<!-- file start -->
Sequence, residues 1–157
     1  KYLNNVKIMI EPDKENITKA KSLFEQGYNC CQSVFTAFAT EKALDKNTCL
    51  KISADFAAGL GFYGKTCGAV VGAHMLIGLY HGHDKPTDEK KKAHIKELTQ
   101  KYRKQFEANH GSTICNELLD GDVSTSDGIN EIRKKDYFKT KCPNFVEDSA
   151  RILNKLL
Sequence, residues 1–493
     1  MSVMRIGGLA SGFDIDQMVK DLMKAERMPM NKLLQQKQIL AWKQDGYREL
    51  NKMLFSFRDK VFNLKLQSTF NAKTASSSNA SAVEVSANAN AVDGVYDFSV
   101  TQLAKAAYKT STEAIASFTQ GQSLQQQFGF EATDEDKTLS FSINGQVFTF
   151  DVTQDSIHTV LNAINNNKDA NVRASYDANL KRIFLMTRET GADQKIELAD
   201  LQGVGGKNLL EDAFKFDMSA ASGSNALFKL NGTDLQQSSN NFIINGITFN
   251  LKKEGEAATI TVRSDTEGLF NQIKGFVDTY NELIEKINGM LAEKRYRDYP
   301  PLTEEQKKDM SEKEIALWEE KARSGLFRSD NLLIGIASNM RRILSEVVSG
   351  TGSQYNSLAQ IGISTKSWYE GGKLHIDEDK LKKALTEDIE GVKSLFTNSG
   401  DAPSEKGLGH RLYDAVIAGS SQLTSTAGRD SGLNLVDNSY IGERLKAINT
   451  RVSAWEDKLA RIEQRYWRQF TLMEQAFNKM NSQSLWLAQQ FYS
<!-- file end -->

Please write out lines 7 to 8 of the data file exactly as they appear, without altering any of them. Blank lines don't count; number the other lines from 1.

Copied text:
     1  MSVMRIGGLA SGFDIDQMVK DLMKAERMPM NKLLQQKQIL AWKQDGYREL
    51  NKMLFSFRDK VFNLKLQSTF NAKTASSSNA SAVEVSANAN AVDGVYDFSV